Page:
I Know You Hate Math: Understanding A/B Testing
With the advent of ExactTarget releasing an A/B testing suite and Google Analytics providing the same functionality for websites I thought it would be beneficial to go behind the scenes of what A/B testing really is. Like many real world processes, A/B testing grounds itself in the world of mathematics and more specifically statistics. Don’t get scared away already though, there is hope for all. Many applications simplify the testing process to the point that a marketer, designer, or developer simply selects which is performing better. But what do we mean by performing better? And, why would I want to understand it?
A Quick Analogy For The Faint of Heart
Let’s say we’re outside Grauman’s Chinese Theatre in LA and it is a nice day with a lot out on the street checking out this historical site. However, we don’t have enough money to buy tickets to see a movie, therefore, we end up having to stand across the street while waiting to catch a ride from a friend. Meanwhile, we are bored and begin to people watch. Then I pose this question, “What percentage of those people do you think are going to buy tickets?” One might immediately think to simply go to the ticket booth and ask how many tickets have been sold, but remember we can’t leave our position across the street. I wouldn’t make it that simple. So what’s the solution? Although tedious, the anser is to count those who pass by the theater and those leaving through the exit of the theater. Then you could easily do a percentage of how many people bought tickets. But what does this have to do with my website or email?
The Explanation, Don’t Worry No Math Yet
A website or email acts very much like the theater in our analogy. Visitors to the theater also have the same intuition/personality traits as a vistor to a website. In both scenarios, the visitor is looking for something that is going to draw them in and have them make a decision. However, as our analogy shows knowing exactly how many people are going to make a decision is impossible to know ahead of time. Therefore, the best you can do is estimate the conversion rate based on who leaves (passing by and through the exit of) the theater and likewise, who clicks certain links in your website or email.
Defining A Conversion
A conversion in it’s most basic form can be thought of as a success or failure. A conversion rate in mathematical terms is call a binomial random variable, which means it has to possible outcomes: true or false. It is represented as the variable p. The number of visits to your website is represented by the variable n also known as trials. After n visits we can calculate how many of those resulted in a conversion. Now each day (or any time interval) can be seen as a set of trials or an experiment. Since we live in a world of random occurrences we cannot expect that we will get the same value of p for every experiment. This randomization will give you a range for your conversation rate (we’ll need this later).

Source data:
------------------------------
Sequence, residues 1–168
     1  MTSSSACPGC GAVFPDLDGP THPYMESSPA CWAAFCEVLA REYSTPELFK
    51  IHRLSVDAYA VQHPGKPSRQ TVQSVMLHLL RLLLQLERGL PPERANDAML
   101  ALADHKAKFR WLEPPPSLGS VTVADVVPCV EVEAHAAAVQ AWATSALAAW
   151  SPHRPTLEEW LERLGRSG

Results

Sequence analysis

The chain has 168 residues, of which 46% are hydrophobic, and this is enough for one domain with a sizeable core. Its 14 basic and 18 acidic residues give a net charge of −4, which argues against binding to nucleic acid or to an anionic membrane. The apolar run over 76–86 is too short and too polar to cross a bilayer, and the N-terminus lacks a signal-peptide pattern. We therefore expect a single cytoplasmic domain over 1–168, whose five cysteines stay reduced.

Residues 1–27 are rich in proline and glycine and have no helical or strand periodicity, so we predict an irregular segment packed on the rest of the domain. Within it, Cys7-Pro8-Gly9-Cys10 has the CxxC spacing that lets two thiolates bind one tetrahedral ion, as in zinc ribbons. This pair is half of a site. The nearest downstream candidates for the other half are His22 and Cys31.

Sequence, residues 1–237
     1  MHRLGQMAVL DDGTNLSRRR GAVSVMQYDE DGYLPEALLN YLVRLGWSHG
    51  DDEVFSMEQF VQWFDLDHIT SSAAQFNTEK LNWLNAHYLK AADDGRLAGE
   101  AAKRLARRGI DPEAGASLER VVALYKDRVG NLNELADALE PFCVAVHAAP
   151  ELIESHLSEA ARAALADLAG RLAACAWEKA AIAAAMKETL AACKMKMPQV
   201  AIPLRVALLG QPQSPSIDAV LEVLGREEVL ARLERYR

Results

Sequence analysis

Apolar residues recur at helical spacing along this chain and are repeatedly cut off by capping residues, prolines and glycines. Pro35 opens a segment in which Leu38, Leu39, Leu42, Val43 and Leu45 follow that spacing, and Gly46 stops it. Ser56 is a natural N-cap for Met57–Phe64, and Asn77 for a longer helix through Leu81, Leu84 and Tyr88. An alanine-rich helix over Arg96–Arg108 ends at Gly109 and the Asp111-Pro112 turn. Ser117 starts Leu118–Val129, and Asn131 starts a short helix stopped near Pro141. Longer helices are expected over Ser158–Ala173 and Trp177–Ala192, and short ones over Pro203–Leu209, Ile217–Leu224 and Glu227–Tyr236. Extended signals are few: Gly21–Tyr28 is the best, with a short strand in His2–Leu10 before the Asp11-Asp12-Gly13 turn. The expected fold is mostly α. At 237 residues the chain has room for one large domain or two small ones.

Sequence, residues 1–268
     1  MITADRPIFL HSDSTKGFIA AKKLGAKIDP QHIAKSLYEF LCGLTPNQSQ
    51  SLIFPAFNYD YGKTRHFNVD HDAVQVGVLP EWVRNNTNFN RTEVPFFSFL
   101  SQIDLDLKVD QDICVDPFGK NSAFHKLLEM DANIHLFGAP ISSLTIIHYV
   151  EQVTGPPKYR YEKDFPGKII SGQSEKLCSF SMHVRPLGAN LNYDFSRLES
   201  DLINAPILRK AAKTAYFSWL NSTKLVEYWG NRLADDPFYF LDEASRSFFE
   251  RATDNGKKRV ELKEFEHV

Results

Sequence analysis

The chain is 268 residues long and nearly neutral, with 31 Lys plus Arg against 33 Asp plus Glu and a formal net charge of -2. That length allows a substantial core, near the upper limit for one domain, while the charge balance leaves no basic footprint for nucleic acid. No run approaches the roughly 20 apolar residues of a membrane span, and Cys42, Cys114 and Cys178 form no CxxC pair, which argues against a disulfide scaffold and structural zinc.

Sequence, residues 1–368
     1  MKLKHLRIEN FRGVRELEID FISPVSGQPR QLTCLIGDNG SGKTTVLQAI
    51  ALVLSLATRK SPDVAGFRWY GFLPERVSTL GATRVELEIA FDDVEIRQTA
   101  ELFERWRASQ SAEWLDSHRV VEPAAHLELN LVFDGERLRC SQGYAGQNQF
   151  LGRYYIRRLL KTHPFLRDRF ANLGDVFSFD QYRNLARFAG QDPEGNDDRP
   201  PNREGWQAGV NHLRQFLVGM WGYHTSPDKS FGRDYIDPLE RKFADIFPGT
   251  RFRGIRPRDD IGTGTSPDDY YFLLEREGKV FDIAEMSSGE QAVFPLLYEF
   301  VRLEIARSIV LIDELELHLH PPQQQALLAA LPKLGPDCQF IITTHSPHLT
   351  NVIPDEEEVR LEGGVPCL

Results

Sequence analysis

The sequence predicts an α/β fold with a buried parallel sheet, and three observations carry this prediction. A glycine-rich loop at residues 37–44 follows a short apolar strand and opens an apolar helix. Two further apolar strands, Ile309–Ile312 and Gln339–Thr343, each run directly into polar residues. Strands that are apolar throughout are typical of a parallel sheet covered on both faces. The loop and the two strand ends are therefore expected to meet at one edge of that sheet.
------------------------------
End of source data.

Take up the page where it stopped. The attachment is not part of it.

Great, We’ve Run A Few Experiments But Now What?
As we increase the number of experiments our results will get more accurate, but lets say we don’t want to do thousands of experiments, how can we determine the conversion rate? There is a concept, widely used in statistics, known as standard error, which tells how much deviation there is from the average conversion rate p if the experiment is repeated multiple times. The smaller deviation, the more confident you can be in your results. Here is how we calculate the standard error:
Standard Error (SE) = Square root of (p*(1-p) /n )
Where p is an average of the individual trials:
p = ( p1 + p2 + p3… pn) / n
In order to get a 95% confidence interval, the range for which the estimate is reliable, multiply the standard error by 2. This brings us to:
p % ± 2 * SE
Which means your true conversion rate lies between p (plus or minus) two times the standard error.
Making A Comparison
Beyond calculating the conversion rate of website, we can also calculate the range of its variation in an A/B test. We have already established that (with 95% confidence) that true conversion lives within that range, all we must do is observe the overlap between conversion rate of a website or email (control) and its variation. Or, as our movie theater analogy goes: one billboard placement versus another. If there is no overlap, the variation is better if the conversion rate is higher and worse if the conversion rate is lower. Its just that simple. Here is an example:
Suppose control conversion rate has a range of 20.5% ± 1.5% and a variation has range of 12% ± 1%. In this case, there is no overlap and you can be sure about the reliability of results. Here, the control has the better conversion rate.
What Have We Learned?
We’ve learned that conversion rate is in reality of an estimate and based up conversion rate and standard of error we can compare our control to our variations in a quantifiable manner. This comparison will yield our performance, which is really what we are after. If you couldn’t exactly follow everything that is quite okay, because these calculations become quite tedious by hand and it is recommended that you use A/B test calculator to save you the trouble. Hopefully, this article has shed some light onto A/B testing and that you’ll understand a little more what is going on when you are using your A/B testing software.